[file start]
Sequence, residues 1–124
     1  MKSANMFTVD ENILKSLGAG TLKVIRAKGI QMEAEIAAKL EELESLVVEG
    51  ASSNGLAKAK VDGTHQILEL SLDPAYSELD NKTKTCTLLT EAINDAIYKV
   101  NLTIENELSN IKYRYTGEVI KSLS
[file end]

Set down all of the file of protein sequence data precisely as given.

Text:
Sequence, residues 1–124
     1  MKSANMFTVD ENILKSLGAG TLKVIRAKGI QMEAEIAAKL EELESLVVEG
    51  ASSNGLAKAK VDGTHQILEL SLDPAYSELD NKTKTCTLLT EAINDAIYKV
   101  NLTIENELSN IKYRYTGEVI KSLS